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Making Room for Greatness

High Altitude Athlete Hong Kong SwimmerRacing down Sunset Crater’s paved trails on 18-inch roller skis, World Cup gold medalist Mark Arendz is training at Northern Arizona’s high altitude in preparation for the 2014 Winter Paralympics. As the world’s best para-biathlete, the 23-year-old Canadian knows he’s the one to beat in Sochi, Russia during the competition that combines cross-country skiing with marksmanship. “I’m the one with the target on my back,” he said.

Meanwhile, in Northern Arizona University’s Wall Aquatic Center, elite swimmers like 21-year-old Hoi Shun Au and 25-year-old Hang Yu Sze are looking down the lane to the World Cup Games in Barcelona this month. “I cannot be sure what the other teams are doing, but what I can control is to be in the final top eight in the world,” said Hong Kong Sports Institute Head Swimming Coach Martin Grabowski.

On the track, at a pool or on a mountain where fractions of a second can add up to world championships, top runners, swimmers and skiers are among those seeking to move faster, go farther and last longer with high altitude training.

Guiding the world’s best athletes to greater heights at Flagstaff’s 7,000-foot-high training ground and, they hope, to the top of the podium, is high altitude sports training organization Hypo2. “It’s quite a responsibility to have other countries trust us with their elite athletes!” said Hypo2 founder Sean Anthony.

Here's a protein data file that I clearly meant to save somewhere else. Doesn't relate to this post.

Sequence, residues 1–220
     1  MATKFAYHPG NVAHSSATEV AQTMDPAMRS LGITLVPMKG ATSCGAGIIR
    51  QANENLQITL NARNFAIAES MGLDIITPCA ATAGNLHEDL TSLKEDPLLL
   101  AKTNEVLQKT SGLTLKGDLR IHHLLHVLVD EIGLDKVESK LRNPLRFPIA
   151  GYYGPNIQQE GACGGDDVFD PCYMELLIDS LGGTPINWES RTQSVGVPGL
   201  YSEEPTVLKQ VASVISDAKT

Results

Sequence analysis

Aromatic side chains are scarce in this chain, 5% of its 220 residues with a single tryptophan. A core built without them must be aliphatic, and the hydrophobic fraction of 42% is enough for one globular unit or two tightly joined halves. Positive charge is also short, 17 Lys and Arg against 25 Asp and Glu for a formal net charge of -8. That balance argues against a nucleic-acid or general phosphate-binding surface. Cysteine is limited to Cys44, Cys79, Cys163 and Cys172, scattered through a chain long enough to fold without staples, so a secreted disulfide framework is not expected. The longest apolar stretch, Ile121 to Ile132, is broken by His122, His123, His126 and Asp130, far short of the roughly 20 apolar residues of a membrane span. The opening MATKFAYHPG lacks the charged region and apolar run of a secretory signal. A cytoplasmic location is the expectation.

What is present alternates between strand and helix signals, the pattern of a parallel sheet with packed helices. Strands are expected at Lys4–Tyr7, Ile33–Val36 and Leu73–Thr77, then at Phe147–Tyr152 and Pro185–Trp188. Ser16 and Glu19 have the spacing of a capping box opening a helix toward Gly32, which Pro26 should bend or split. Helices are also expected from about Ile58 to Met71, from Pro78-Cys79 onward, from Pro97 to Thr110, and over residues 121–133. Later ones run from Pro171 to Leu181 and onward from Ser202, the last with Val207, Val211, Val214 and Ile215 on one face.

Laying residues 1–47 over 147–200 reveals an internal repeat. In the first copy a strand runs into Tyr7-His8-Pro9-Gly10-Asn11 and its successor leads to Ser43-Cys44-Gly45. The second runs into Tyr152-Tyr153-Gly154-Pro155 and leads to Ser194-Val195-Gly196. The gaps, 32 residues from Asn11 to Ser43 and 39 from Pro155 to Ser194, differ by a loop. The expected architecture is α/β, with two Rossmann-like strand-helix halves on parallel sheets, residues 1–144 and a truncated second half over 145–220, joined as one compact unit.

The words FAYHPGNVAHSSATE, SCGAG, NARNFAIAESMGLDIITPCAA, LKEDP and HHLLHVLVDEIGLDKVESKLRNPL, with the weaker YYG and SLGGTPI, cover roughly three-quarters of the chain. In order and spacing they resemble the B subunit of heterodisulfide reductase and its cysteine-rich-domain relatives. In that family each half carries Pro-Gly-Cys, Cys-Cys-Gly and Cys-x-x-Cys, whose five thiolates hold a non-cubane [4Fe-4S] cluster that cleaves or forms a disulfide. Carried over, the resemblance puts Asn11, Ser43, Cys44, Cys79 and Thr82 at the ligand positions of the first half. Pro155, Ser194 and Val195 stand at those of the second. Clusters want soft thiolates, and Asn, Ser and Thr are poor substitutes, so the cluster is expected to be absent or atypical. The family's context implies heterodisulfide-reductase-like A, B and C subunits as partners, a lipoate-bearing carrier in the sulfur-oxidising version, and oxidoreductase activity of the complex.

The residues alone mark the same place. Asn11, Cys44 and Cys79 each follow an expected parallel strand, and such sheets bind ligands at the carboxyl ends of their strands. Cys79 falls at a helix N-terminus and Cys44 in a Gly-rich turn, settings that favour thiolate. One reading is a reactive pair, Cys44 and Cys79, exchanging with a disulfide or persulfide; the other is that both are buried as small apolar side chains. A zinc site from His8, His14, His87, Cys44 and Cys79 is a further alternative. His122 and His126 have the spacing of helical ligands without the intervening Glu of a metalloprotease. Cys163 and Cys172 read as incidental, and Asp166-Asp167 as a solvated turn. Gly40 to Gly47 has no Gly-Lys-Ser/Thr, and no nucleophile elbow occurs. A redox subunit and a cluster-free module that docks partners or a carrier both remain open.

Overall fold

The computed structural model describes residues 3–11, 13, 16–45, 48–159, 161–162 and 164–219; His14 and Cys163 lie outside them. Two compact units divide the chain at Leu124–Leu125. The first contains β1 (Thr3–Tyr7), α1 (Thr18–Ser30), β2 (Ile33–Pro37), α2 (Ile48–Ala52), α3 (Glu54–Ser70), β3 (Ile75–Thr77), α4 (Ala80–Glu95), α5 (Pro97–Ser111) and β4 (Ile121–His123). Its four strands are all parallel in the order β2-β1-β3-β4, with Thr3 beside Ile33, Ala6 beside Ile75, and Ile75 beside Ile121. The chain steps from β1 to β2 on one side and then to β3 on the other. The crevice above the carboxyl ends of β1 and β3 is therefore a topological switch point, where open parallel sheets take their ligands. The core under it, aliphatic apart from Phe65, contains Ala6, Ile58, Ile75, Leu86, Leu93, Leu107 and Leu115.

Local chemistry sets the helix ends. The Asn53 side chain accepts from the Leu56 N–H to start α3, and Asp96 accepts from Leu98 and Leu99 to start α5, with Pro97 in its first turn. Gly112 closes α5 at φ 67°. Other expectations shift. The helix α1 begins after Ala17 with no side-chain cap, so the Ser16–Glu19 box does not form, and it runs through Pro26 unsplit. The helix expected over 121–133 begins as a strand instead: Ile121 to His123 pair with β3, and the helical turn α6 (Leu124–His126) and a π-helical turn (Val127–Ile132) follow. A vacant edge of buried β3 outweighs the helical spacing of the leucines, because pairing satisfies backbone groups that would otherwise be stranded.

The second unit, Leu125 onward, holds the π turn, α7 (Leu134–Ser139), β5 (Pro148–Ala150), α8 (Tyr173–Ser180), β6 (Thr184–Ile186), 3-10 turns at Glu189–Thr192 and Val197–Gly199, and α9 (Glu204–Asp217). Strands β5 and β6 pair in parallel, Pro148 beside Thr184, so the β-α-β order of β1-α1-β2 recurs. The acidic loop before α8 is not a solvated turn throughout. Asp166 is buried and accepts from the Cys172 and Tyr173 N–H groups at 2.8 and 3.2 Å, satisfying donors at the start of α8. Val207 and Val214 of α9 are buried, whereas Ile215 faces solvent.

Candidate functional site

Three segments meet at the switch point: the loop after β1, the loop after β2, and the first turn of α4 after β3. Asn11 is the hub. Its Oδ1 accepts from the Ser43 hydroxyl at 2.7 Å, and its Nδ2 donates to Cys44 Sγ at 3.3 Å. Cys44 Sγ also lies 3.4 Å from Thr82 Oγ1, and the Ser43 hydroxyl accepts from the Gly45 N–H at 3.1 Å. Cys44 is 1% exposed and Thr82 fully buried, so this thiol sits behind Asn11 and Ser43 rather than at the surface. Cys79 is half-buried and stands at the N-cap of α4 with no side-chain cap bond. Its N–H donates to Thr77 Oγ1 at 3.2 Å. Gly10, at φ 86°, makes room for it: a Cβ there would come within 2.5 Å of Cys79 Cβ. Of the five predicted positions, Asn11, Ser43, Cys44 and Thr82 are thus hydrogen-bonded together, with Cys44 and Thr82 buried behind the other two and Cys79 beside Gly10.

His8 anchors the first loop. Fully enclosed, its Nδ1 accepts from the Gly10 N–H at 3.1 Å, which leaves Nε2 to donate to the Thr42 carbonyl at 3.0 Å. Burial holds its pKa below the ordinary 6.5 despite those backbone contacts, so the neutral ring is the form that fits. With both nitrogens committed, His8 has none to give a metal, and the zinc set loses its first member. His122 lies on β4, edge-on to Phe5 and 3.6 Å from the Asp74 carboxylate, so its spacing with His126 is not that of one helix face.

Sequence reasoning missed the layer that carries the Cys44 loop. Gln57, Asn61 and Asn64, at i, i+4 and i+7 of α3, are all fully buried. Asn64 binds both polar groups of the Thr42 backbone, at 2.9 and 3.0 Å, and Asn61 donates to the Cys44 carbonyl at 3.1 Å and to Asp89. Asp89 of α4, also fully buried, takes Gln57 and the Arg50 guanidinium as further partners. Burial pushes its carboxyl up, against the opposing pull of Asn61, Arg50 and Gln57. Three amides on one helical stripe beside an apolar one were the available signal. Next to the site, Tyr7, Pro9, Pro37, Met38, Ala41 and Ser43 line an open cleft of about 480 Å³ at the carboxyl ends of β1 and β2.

Sports scientists explain the physiological benefits of high altitude training like this: At high elevations, the air is thin so there is less oxygen reaching muscle tissue than there would be at sea level. The human body reacts by producing the hormone erythropoietin (EPO), which stimulates the production of red blood cells to deliver more oxygen. Other changes that happen during high altitude training include an increase in the number of small blood vessels, an increase in the body’s ability to manage the build up of waste (lactic) acid, and changes in the microscopic structure and foundation of the muscles.

“The main thing we look for is called plasma volume expansion,” said Canadian Para-Nordic Ski Team Sports Scientist Shane Esau, who monitors the athletes to get the optimal training session out of each day. “By training at high altitude, you get a cascade of events including hormonal and neuromuscular responses. You create more blood. When it goes back to the heart, it increases the size of the heart. A cross-country skier who is able to go 10 miles an hour may be able to increase that speed by three percent. They also become more economical. To go a given distance, they are using less energy because of the plasma volume expansion.”

While athletes are pumping up their oxygen-carrying red blood cells, Hypo2 is pumping some $1.8 million annually into the region’s economy.

 

That monetary benefit is explained by NAU’s Jeffrey Peterson, principal investigator on a report conducted by the Arizona Rural Policy Institute at the W. A. Franke College of Business, The Economic Impact of HYPO2 Training Camp Sport Management on the Economy of Coconino County.

“Basically the major impact of bringing all these athletes in who have financial backing from sponsors or countries is they are bringing money from the outside into the local economy, which is a net economic gain for us as a city,” said Peterson. “They end up putting them up in motels, bringing money to facilities around town, renting cars, hiring people like masseuses and physicians. The athletes themselves buy souvenirs and go out to eat.”